Standard Oil, founded by John D. Rockefeller in 1870, was the first modern trust, utilizing
innovative business practices to dominate the oil industry. Its structure and control over
various oil-related businesses set a precedent for the formation of trusts in other industries.
13. The most important development in the communications system in late nineteenthcentury America was the ________
A) telephone
B) post office
C) telegraph
D) radio
E) transatlantic cable
Answer: A
The invention and widespread adoption of the telephone, pioneered by Alexander Graham
Bell, revolutionized communication in late nineteenth-century America. It enabled real-time
voice communication over long distances, transforming business, personal communication,
and social interaction.
14. Which two were the most important developments of the late nineteenth century?
A) the typewriter and calculating machine

B) the telephone and the light bulb
C) factories and the sewing machine
D) the telegraph and processed meat
E) automobiles and the assembly line
Answer: B
The telephone, invented by Alexander Graham Bell, and the light bulb, developed by Thomas
Edison, were two of the most transformative and impactful inventions of the late nineteenth
century, revolutionizing communication and illumination, respectively.
15. The greatest inventor of late nineteenth- and early twentieth-century America was
A) Cyrus Field
B) Thomas A. Edison
C) Henry Bessemer
D) J. P. Morgan
E) Eli Whitney
Answer: B
Thomas Edison, often regarded as America's greatest inventor, made significant contributions
to various fields, including electricity, telecommunications, and sound recording. His
numerous patents and inventions, including the phonograph and the electric light bulb,
shaped modern technology and industry.
16. Which of the following individuals was NOT an innovator in retailing in the late
nineteenth century?
A) R. H. Macy
B) Cyrus Field

C) John Wanamaker
D) Richard W. Sears
E) Alvah C. Roebuck
Answer: B
Cyrus Field was known for his contributions to the transatlantic telegraph cable, not retailing.
The other options were notable figures in the retail industry during the late nineteenth
century, associated with prominent retail chains and innovations in marketing and sales.
17. The development of brand names, chain stores, and mail order houses ________.
A) drove the prices of goods upward
B) confused consumers
C) had little effect on the buying public
D) created a gulf between consumer and producer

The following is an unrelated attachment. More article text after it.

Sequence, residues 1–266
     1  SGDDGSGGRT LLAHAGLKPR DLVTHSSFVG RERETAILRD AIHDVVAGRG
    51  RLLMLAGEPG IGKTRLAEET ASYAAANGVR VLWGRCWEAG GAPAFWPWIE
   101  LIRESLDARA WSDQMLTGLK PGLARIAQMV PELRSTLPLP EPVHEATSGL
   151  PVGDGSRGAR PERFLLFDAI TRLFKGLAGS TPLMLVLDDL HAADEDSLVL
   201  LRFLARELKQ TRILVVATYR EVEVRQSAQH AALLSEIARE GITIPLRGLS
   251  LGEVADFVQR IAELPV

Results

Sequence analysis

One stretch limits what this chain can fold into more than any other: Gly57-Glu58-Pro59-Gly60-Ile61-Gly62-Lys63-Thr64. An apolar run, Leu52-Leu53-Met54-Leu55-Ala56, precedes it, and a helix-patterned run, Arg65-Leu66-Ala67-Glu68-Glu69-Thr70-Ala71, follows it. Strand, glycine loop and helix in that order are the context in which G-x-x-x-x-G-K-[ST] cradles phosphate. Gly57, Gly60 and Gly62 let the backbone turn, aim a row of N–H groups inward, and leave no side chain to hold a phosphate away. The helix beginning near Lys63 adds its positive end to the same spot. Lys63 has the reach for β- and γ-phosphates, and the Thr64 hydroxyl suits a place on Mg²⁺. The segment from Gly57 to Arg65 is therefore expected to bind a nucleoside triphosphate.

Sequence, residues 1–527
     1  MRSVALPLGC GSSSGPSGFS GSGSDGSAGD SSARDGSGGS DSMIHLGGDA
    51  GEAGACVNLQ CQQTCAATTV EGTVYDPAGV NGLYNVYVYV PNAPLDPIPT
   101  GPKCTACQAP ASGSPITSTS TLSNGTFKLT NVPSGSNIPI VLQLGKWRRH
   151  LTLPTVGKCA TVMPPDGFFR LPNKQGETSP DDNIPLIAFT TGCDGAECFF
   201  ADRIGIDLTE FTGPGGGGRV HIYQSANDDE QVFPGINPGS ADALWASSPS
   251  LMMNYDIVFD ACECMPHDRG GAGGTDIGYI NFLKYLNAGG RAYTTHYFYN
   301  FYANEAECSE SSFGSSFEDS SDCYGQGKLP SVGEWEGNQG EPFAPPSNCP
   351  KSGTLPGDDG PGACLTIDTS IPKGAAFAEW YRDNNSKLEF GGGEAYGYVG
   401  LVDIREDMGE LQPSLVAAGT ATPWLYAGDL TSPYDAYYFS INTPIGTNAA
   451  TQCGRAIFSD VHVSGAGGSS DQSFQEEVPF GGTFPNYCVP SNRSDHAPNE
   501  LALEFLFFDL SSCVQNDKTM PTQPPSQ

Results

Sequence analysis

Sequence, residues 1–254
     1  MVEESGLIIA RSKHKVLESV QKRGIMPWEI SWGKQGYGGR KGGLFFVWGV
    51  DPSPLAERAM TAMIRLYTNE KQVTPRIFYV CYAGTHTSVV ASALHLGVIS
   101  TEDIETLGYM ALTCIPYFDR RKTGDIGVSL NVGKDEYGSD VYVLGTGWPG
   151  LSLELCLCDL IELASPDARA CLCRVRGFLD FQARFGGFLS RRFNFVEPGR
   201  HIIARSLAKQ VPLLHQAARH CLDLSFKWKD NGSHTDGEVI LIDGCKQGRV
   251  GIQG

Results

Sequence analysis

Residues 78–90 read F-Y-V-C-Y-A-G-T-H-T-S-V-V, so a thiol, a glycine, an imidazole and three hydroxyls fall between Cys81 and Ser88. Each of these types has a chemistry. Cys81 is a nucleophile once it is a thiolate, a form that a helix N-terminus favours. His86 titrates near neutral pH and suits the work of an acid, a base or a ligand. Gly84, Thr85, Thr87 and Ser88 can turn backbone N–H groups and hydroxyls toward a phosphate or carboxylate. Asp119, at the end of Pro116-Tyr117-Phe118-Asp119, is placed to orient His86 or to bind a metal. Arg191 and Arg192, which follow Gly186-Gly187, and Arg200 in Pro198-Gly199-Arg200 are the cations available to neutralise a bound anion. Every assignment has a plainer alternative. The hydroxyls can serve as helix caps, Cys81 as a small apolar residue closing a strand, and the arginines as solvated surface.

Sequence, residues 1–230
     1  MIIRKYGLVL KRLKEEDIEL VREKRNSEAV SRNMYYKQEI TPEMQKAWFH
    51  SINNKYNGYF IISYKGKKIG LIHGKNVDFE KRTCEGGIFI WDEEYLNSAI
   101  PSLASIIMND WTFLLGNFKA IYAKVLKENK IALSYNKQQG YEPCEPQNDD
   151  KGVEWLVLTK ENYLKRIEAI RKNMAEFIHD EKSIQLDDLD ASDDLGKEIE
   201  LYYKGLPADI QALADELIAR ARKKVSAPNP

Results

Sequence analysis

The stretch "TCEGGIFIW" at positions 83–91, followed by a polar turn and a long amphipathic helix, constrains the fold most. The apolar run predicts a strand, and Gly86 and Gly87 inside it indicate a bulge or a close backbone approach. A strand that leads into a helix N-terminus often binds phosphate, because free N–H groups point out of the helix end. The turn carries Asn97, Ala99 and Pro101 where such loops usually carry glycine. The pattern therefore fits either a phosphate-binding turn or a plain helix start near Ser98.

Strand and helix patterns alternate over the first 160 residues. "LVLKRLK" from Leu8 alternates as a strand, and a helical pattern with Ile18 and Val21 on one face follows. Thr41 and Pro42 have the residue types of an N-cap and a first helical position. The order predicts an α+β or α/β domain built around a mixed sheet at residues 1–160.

E) provided convenience and standardization
Answer: E
The development of brand names, chain stores, and mail-order houses in the late nineteenth
century streamlined retail processes, offered consumers a wider selection of standardized
products, and provided convenience through catalog shopping and consistent branding.
18. Most working women ________.
A) were young and single
B) were married with children
C) were African American
D) had many professional opportunities
E) were widows or single mothers

Answer: A
In the late 1800s, a significant portion of working women were young and single, often
seeking employment in factories and other industries. Many of them were unmarried and
without children, making them more available for employment in the rapidly growing
industrial sector.
19. In comparison to male workers, female workers in the late 1800s ________.
A) received equal pay for equal work
B) moved into white-collar jobs formerly monopolized by men
C) reaped the rewards of the industrial system
D) were respected as important income earners
E) generally had female managers
Answer: B
Female workers in the late 1800s faced significant barriers to equal pay and opportunities
compared to male workers. However, some women were able to secure employment in whitecollar jobs traditionally held by men, although they often faced discrimination and unequal
20. Which of the following groups received the greatest rewards from industrialization?
A) white, native-born females
B) foreign-born males
C) African-American males
D) white, native-born males
E) skilled workers in all categories
Answer: D

In the late 1800s, white, native-born males generally received the greatest rewards from
industrialization. They held a dominant position in the workforce and had access to betterpaying jobs, opportunities for advancement, and greater social and economic privileges
compared to other demographic groups.
21. Why did the Knights of Labor fail?
A) A major defeat weakened the group.
B) It was unable to organize the workers.
C) It had no successful strikes.
D) It was unable to develop a set of objectives.
E) Terence Powderly was imprisoned.
Answer: A
The Knights of Labor faced several setbacks, including the Haymarket Riot of 1886, which
led to a decline in public support and membership. Additionally, internal divisions and
disagreements over tactics contributed to the organization's failure to maintain its momentum
and influence.
22. Unlike the Knights of Labor, the American Federation of Labor ________.
A) believed workers would rise in stature
B) organized skilled and unskilled workers
C) emphasized economic goals for workers
D) organized a majority of the workers
E) hoped all workers could eventually become self-employed
Answer: C
Unlike the Knights of Labor, which aimed for broad social and political reforms, the
American Federation of Labor (AFL) focused primarily on economic goals for workers, such

as higher wages, shorter hours, and better working conditions. The AFL primarily organized
skilled workers and pursued collective bargaining with employers to achieve its objectives.